The instances of powerful governmental and private organizations stifling free speech and communication are increasing daily. The time has come for Web3 to step up, but this time with more vigor and clarity than before. Privacy and censorship resistance are mutually dependent; without the other, neither is meaningful. If the cryptocurrency industry is to live up to the lofty expectations placed on it, it must keep this in mind.

Today, maintaining privacy is practically impossible. Every person is vulnerable to unintentional exposure, from data theft incidents to governments tracking citizens. TikTok recently confirmed that staff, including those based in China, can access user data in an update to its privacy policy for the European Economic Area. As a result of the Iranian regime’s ongoing repression of protesters, the populace is afraid to criticize the government.

Nodes will depose tech oligarchies like Google and Apple

Marc Andreessen’s seminal 2011 essay, “Why Software Is Eating the World,” was well-regarded even at the time it was written and has since proven to be even more prescient than it seemed. Andreessen argued that every company was now ostensibly a software company, whether the company liked it or not, at the beginning of a decade in which software would prove invaluable to almost every aspect of modern life.

His ideas eventually applied to businesses that either hadn’t fully defined their markets or didn’t even exist yet but would go on to generate billions in market share, including Uber, Lyft, TikTok/ByteDance, Robinhood, and Coinbase, to name a few. He adapted his argument to many of the market leaders at the time. Software was probably going to be a crucial component of becoming a unicorn in the twenty-first century.

The emergence of true cloud computing and cloud giants, an industry in which Andreessen himself had been a pioneer at a time when many inside and outside computing were scoffing at the notion, was the covert force behind this complete disruption of modern economies and life.

But making so many aspects of life so simple came at a high price

They had stopped scoffing entirely by the second decade of the twenty-first century. Global spending on cloud computing increased by more than quintupling in the 2010s, going from $77 billion to $411 billion. The computer in our pockets relied on it to make everything available at the touch of a button.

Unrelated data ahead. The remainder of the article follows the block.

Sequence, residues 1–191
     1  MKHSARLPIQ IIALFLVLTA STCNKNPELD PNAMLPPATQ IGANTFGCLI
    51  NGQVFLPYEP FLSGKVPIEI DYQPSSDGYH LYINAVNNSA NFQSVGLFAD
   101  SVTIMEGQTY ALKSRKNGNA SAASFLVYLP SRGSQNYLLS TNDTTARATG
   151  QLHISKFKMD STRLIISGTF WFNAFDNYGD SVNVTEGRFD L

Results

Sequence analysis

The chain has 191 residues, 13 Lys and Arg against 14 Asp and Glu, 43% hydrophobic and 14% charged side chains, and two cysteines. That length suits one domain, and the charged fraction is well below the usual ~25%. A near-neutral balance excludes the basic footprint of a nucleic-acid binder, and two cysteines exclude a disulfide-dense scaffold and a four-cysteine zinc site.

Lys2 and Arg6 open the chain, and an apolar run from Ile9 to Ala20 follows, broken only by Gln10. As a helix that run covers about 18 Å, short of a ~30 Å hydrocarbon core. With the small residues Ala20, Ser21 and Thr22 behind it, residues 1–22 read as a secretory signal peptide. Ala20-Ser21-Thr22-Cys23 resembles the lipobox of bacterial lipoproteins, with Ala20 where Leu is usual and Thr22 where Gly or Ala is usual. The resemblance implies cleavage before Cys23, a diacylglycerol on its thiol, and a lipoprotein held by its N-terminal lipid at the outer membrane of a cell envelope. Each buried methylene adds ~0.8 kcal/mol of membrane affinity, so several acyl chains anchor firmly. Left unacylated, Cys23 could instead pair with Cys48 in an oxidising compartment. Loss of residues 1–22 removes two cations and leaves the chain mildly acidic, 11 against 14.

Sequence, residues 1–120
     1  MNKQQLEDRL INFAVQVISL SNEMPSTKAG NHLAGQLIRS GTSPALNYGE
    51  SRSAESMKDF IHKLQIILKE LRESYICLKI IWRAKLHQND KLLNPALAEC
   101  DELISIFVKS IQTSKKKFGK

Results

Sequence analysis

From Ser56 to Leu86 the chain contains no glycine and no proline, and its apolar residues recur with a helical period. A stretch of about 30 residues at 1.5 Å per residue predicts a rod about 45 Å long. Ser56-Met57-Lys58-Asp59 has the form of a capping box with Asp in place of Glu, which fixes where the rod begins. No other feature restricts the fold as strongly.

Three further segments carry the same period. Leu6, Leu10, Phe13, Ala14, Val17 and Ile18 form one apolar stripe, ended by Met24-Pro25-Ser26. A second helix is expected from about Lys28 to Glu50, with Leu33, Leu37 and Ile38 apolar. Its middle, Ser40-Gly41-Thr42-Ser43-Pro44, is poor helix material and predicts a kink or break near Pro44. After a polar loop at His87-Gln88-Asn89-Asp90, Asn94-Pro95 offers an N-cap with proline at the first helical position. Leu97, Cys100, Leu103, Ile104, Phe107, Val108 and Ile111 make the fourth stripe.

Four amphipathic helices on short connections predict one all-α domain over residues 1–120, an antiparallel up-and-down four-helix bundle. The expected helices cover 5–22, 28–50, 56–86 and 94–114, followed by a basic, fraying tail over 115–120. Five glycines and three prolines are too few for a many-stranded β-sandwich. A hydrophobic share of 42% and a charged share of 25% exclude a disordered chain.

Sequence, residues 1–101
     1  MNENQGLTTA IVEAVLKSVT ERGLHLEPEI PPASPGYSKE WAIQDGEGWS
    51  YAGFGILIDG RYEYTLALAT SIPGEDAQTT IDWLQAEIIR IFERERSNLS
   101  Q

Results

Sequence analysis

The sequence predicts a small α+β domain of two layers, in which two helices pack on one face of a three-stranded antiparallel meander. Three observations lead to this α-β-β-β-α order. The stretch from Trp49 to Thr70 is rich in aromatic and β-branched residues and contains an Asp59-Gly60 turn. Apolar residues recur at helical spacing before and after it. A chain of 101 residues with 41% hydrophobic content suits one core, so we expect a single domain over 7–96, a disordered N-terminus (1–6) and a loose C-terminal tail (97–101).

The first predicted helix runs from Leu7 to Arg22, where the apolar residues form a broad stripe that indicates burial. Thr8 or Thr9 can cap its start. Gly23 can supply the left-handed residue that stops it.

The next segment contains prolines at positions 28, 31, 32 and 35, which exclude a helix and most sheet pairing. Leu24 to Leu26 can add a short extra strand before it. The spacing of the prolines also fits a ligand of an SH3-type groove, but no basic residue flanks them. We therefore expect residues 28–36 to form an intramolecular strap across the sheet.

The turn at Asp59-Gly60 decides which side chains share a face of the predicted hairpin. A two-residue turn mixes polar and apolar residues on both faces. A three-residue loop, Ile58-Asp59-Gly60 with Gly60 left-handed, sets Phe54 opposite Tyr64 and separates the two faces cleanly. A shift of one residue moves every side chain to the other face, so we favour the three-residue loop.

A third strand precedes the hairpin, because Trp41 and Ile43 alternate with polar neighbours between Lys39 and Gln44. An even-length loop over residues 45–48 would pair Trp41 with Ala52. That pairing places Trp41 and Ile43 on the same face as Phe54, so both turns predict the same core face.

As with anything else, the mobile-powered software revolution had trade-offs even though it made life as simple as pressing a button. Software has taken over the world, making very few, very large cloud hosting companies the dominant force. Currently, 65% of the market for cloud hosting is dominated by Amazon, Google, and Microsoft.

By using cloud hosting, this established a monopoly of sorts. For instance, hosts can remove services from clouds when using cloud hosting, as Amazon did with the infamous social media service Parler. The Apple App Store also prohibited Parler from using it.

Whether or not you concur with a service like Parler doesn’t matter when it comes to the bigger issue at hand. The incident proved that, in the post-software world, it only takes two corporations—Amazon and Apple—to completely shut down a service, effectively forcing it out of business.

What happens if a developer or service violates a less serious Amazon policy or term of service? The internet has been forced into a corner where it can no longer truly function as a marketplace for free ideas and development, especially if that development is in some way seen as a threat by businesses like Amazon and Microsoft.

A new world can be created by nodes

Newer blockchain protocols have the potential to “break” data in a world consumed by software and oligopolistic companies, allowing us to think about the exchange of that data in new ways, just as Bitcoin “broke” money and allowed people to think about the exchange of value in new ways.

Web3 and the initiatives it will spawn promise to fundamentally alter how information lives and is transmitted through the internet in a transparent and self-sufficient manner. Ecosystems that prioritize decentralization and the community promise to return control to programmers and, by extension, the users of their decentralized applications (DApps) and software. This will make it possible to create a common framework that supports best practices and economies of scale and can compete with the biggest centralized internet entities.